Aldrich, Henry; Smyth, Philip [Übers.]
The Elements Of Civil Architecture: According To Vitruvius And Other Ancients, And The Most Approved Practice Of Modern Authors, Especially Palladio — London, 1789 [Cicognara, 395]

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tions os the country: hence pictures representing these pre*-
sents were called xenia.
§. 3. In the entrance of Roman houses there is a vesti-
bule V, called by Palladio a loggia, by Perrault zrgoSxvgcv*
In the design os Perrault the cavjedium B follows contrary
to the opinion of Vitruvius, who B. vi. Ch. 8. expressly says
that in the city the courts are next to the gates, wherefore
Palladio immediately next to the vestibule places the atrium
C, which in this example is testudinated ; its length is equal
to the diagonal of the square of its breadth, its height under
the limitary beam equal to its breadth. In the design os
Perrault it is Corinthian, with the wings as D*
In each of the designs the tablinum follows next E, then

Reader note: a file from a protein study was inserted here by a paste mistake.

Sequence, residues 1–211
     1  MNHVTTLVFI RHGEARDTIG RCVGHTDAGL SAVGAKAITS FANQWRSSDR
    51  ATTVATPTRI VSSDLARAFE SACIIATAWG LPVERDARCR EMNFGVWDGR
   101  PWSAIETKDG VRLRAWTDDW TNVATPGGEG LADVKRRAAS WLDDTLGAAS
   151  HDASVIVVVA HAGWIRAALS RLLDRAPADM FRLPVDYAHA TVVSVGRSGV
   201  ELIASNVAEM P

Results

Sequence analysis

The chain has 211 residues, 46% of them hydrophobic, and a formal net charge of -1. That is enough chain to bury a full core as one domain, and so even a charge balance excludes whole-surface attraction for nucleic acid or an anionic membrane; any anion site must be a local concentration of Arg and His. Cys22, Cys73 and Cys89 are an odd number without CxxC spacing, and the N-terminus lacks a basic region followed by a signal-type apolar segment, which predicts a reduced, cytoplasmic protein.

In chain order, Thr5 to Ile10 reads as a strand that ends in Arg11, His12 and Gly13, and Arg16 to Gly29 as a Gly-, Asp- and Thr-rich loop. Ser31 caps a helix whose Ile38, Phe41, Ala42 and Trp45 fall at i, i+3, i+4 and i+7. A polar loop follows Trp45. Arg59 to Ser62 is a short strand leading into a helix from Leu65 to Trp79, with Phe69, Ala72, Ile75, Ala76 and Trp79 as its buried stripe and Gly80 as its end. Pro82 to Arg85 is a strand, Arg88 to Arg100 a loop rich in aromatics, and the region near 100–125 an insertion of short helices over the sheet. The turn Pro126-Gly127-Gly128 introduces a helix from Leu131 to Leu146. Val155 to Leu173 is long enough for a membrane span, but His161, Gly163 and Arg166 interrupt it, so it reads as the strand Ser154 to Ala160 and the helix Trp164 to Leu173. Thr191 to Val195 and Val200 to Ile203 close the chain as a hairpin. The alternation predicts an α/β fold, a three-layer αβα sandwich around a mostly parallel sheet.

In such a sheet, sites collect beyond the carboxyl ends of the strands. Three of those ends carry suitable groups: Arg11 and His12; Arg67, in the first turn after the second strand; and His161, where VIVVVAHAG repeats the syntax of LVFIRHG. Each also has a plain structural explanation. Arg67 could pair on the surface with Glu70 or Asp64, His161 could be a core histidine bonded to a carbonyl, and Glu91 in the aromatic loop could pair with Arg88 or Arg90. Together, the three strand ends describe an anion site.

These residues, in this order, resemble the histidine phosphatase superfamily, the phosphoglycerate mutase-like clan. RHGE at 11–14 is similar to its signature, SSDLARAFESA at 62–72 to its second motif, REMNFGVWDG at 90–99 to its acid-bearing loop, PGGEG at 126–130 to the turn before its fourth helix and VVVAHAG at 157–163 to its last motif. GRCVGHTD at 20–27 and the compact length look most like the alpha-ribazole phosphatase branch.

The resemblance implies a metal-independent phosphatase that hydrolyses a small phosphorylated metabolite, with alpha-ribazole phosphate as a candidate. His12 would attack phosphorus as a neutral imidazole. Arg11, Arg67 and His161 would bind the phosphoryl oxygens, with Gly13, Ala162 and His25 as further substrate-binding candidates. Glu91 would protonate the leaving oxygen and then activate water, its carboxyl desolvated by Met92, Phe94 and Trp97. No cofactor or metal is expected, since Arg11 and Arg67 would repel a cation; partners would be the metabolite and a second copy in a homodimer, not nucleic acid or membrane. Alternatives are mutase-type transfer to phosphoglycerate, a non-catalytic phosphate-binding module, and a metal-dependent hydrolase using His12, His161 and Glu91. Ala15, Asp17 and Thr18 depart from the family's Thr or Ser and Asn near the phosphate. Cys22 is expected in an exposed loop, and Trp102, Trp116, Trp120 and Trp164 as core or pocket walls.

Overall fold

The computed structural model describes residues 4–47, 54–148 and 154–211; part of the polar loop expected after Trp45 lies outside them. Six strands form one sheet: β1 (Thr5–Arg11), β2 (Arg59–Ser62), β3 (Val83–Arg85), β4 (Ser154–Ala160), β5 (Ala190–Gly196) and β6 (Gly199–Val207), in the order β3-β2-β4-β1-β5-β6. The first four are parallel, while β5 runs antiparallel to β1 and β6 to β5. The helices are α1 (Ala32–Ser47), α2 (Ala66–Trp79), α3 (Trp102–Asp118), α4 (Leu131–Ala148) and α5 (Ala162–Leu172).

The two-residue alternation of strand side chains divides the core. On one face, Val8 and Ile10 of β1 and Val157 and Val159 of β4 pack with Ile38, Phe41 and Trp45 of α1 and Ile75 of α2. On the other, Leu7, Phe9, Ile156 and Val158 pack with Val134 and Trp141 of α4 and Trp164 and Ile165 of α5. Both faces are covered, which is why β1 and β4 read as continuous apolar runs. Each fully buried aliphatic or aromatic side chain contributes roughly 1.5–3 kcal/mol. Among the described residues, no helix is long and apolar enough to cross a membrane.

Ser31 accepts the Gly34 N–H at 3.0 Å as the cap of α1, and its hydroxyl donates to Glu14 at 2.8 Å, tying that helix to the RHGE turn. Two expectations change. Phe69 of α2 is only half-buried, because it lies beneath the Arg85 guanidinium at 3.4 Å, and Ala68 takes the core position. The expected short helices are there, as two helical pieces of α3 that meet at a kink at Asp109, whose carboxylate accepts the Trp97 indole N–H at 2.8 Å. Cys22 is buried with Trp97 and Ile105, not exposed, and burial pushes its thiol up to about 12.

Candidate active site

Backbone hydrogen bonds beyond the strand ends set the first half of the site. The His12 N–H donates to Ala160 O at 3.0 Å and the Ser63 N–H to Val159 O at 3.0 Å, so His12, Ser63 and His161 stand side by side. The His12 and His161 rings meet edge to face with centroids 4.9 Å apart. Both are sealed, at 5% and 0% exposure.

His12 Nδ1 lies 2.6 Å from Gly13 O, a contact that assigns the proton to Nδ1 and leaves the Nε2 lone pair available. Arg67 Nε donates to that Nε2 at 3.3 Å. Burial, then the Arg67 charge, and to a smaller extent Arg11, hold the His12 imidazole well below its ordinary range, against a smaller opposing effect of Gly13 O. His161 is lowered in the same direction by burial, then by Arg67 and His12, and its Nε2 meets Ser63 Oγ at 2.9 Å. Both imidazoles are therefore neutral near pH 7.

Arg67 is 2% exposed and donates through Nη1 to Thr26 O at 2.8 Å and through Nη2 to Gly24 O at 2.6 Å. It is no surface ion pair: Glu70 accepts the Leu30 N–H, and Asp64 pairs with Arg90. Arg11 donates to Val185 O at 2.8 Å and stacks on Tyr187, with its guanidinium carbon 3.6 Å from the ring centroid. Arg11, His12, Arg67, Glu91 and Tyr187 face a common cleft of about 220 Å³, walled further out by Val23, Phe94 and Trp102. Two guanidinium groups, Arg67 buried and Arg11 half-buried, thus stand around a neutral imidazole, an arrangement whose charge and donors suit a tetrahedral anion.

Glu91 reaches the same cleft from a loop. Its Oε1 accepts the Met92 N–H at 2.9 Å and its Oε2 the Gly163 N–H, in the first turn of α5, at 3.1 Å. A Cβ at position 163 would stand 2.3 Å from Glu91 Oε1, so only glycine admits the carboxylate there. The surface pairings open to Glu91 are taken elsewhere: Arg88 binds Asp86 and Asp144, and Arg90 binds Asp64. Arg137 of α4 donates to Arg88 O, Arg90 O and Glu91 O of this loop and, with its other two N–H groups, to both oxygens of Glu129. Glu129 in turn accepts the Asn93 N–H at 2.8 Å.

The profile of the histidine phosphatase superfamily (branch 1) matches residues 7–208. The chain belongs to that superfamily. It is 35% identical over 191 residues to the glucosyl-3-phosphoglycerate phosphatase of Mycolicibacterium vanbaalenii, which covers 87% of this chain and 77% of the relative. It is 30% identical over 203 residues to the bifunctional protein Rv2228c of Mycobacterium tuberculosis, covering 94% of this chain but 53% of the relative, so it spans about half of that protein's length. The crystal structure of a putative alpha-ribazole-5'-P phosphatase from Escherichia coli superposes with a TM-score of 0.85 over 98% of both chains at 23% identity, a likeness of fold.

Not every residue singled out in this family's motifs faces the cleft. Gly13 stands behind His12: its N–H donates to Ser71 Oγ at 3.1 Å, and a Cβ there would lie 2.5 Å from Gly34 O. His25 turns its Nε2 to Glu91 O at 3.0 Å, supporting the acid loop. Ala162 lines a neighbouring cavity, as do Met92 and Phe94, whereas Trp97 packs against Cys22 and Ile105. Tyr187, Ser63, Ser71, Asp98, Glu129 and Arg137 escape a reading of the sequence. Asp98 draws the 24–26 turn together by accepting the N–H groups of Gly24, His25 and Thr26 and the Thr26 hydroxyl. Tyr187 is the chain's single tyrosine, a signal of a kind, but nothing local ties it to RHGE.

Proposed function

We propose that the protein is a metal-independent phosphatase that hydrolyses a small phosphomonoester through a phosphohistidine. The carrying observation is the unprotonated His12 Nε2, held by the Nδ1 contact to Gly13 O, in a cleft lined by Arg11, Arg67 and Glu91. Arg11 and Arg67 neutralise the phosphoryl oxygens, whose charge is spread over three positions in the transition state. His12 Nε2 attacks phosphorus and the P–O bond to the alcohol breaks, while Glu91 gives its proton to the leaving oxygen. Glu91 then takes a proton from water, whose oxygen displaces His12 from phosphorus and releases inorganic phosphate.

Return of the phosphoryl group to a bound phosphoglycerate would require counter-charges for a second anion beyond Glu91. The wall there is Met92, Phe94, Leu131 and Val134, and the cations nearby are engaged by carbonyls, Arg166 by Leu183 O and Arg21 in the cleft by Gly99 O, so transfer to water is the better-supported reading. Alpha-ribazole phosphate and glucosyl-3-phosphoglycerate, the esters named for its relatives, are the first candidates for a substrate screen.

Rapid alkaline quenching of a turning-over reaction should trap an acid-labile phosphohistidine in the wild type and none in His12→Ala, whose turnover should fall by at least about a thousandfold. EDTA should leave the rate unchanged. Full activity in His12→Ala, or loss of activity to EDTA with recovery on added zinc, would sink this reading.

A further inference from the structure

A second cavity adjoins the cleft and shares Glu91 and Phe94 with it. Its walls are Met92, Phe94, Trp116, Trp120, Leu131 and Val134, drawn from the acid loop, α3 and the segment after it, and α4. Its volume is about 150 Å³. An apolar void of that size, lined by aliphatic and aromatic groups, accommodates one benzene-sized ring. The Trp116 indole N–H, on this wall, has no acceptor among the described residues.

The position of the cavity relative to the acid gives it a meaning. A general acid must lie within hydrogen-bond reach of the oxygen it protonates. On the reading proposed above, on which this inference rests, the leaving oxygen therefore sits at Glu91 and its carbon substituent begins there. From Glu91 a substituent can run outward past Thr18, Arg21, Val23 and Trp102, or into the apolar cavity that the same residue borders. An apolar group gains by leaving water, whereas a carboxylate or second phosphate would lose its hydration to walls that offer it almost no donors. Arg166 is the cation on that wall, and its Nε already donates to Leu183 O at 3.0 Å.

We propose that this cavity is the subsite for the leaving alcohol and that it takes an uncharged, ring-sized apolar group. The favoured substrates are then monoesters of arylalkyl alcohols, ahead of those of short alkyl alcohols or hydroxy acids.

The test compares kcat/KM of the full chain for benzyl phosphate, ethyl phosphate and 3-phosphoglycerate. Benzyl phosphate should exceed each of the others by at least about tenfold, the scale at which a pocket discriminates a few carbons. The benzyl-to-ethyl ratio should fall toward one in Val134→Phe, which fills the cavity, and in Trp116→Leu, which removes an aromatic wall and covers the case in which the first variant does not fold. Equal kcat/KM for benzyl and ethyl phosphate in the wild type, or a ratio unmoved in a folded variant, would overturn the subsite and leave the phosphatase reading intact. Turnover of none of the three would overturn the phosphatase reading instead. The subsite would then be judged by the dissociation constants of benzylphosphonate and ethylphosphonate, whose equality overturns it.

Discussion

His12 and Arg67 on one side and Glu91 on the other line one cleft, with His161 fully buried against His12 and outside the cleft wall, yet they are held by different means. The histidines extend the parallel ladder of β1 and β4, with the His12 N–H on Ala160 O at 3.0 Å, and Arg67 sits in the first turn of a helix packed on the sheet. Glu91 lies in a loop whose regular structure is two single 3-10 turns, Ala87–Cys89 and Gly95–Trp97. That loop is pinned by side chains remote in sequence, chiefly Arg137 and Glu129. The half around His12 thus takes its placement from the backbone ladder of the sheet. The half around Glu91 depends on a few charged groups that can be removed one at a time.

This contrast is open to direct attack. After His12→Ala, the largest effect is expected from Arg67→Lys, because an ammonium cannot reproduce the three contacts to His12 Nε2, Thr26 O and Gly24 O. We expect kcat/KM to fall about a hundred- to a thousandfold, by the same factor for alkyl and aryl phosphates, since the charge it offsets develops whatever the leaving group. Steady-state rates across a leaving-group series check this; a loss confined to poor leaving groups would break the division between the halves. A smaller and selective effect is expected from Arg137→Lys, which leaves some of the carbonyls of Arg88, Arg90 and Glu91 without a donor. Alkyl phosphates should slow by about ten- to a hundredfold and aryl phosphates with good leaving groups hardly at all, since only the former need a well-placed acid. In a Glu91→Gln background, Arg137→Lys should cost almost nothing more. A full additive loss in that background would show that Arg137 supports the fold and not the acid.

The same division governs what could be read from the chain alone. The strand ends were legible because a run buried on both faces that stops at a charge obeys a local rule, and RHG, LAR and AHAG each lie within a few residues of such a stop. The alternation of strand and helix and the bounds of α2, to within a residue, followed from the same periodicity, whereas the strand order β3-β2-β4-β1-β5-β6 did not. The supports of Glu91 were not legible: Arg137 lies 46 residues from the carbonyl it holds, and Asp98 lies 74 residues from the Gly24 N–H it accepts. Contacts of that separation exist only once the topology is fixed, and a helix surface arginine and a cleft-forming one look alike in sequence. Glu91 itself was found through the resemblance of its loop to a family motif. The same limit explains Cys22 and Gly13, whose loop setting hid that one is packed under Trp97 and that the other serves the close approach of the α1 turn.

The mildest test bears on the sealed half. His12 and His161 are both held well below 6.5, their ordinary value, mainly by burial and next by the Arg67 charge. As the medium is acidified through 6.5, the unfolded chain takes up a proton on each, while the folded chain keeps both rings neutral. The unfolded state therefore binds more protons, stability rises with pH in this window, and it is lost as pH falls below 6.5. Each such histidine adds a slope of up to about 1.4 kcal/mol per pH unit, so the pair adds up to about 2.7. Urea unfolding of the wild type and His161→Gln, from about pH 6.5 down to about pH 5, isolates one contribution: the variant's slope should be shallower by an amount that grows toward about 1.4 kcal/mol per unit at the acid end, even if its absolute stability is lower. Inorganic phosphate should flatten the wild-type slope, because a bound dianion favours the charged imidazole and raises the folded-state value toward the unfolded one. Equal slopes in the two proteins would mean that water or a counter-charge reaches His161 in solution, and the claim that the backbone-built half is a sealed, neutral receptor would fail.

the peristylium F, both construcfted according to the general
rules. In the porticos of Palladio the apartments G have the
same breadth with the porticos, and an equal altitude, with an
addition of one third for the arching of the ceilings : PI are
Corinthian ceci, or halls : I Tetrastyli, halls with four pillars;
K ./Egyptian : L Cyzicene : M Square halls : N Exedrae ;
O Libraries: P Stables: Baths: X Shrubberies: Y
Walks planted with trees.
The names of most os those things we have marked with
letters, themselves explain their uses. Of the rest their pur-
poses varied according to the pleasure of their posteffor. The
atria, or courts were adorned with the statues os the ancestcrs
of the master of the mansion. In them u likenesses taken in
*c wax were preserved in various cabinets, that on any samily
u deaths these representatives might accompany the suneral
“ ceremonies, (whence we may conjecture why the courts
“ were very near the gates) to which every person, who had
<l ever been connected with the family, repaired. On the
“ pictures of the deceased they drew out his pedigree. The
u tablinum was filled with books and records os afts per-
a formed
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